The virtual world is all about change and growth and experimentation and movement toward a shared future. Think back to when you got your first computer. For me it was 1994 and I spent a ton of money to buy a machine I didn't know anything about. I knew there was information out there and I wanted in on it. I signed up for an AOL account and was thrilled every time I heard "you've got mail!" I messed around on Usenet and fought with my boyfriend about who's turn it was to play Doom. Ahhh....good times.
Fast forward to today. My avatar name gets far more google hits than my RL name. I have accounts on Second Life, Twitter, Plurk, Facebook, Linkedin, Flickr and my blog reader lists close to 150 blogs. I have friends all over the world, most of whom I have never seen in the flesh and don't plan to ever meet physically. Significant changes have already occurred in how we spend our online time and the virtual world is still in its infancy. Who knows where we will be in another 15 years?
One thing that routinely amazes me is how residents of SL freak out about change. We have all heard predictions about the end of Second Life due to the prohibition on gambling, the end of banking, age verification, trademark requirements, windlight, Open Space price hikes, the LL purchase of SLx and OnRez and the possibility of the Teen Grid merging with the Main Grid. There were probably a few other crises of epic proportions that threatened the world as we know it but I likely tuned out the ranting and raving about it all. Perhaps doomsday predictions and emotional hand wringing are just content fodder for bloggers so it seems like everyone freaks out but the average SL resident just doesn't care all that much. Its hard to know.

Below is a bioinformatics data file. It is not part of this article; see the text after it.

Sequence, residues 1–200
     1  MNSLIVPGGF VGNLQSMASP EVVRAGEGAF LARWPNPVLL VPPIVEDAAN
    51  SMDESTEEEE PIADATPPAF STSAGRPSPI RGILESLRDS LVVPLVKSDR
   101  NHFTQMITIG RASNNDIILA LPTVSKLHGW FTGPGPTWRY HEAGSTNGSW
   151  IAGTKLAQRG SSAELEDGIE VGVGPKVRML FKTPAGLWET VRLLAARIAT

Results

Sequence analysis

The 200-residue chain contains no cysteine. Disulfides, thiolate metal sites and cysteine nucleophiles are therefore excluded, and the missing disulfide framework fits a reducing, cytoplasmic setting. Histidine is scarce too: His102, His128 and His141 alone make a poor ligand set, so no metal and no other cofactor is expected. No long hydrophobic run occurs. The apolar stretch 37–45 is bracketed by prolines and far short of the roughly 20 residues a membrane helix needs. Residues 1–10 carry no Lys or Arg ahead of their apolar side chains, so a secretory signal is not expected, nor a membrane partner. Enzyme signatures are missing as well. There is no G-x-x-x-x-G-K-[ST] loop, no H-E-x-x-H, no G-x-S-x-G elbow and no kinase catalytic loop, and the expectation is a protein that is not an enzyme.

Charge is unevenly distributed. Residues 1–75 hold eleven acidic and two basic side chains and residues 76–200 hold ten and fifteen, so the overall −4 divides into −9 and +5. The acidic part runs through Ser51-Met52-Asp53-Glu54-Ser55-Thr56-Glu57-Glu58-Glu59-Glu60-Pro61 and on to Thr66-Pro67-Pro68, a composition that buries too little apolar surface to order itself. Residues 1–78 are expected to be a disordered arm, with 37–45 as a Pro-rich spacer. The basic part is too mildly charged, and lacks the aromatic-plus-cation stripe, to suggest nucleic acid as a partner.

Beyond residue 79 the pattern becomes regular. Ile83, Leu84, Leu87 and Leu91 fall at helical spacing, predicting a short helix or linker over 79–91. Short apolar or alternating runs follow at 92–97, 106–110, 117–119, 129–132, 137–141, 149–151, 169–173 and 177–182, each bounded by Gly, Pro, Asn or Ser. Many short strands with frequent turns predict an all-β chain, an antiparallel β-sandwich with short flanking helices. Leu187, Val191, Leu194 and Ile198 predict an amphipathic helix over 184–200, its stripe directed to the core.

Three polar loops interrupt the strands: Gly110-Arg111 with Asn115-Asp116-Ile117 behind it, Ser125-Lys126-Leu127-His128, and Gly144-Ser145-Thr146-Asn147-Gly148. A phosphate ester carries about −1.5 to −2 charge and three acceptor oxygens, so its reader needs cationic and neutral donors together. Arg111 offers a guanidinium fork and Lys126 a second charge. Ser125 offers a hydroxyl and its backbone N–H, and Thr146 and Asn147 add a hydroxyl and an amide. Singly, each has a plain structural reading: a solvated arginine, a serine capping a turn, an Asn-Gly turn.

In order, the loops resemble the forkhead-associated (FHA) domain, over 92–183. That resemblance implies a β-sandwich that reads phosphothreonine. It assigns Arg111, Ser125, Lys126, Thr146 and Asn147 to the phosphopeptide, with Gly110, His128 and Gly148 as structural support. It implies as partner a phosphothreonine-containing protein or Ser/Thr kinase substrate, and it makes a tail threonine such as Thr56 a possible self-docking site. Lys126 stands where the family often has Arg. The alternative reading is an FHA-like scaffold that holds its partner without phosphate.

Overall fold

Linden Labs is a for profit company. Serving the needs of the customer base is clearly an extraordinarily high priority for any company. At the same time companies have needs of their own. Sometimes organizations have to walk a delicate line between doing what is best strategically and addressing the needs of the customer base. We do not (and never will) have complete information about the strategy behind all of LL's decisions. When they make changes that don't appear to make sense it is a good bet there is an organizational need that has trumped customer preferences.
Like it or not LL will do what is in the interest of the company even if we perceive that the change negatively impacts us. Of course we all could buy servers and migrate to OpenSim. I have visited a few other worlds and for now I think Second Life is still the best place to be in terms of reliability, rich content and community. I am very confident that one day, perhaps one day soon, Second Life will not have the position it currently holds and we will have other comparable options. For now, in my opinion, that is just not the case.
LL operates the platform upon which we create our homes, businesses, and our virtual social lives.The reality is that LL exerts significant control over things that are dear to us. When they prioritize our needs behind those of the company itself we are justifiably frustrated and angry. At the same time, we can't control what they do and we can only wish for better communication. What we can control is our own reactions. Flexibility in the face of change is important because one thing is for sure. More is coming.